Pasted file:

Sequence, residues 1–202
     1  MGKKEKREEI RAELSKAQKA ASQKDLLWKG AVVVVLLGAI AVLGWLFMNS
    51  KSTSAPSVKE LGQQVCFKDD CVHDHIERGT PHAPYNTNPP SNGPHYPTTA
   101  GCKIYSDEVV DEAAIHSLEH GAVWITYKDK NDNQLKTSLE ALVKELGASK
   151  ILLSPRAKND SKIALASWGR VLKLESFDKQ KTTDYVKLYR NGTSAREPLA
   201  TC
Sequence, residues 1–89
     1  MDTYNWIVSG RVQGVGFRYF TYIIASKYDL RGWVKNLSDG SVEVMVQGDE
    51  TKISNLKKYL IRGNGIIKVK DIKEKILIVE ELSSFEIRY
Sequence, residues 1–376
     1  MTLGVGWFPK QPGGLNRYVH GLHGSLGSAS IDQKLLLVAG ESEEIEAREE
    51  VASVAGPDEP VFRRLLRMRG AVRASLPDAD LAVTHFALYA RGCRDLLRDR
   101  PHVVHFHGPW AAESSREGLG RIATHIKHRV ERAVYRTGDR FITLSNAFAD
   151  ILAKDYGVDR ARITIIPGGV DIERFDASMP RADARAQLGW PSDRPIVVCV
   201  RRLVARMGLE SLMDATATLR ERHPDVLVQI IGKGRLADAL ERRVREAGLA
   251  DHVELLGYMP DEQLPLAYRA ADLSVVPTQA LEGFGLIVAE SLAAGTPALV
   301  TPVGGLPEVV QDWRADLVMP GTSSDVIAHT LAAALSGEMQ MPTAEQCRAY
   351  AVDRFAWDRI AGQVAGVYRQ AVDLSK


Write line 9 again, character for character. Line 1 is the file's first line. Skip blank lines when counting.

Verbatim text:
    51  TKISNLKKYL IRGNGIIKVK DIKEKILIVE ELSSFEIRY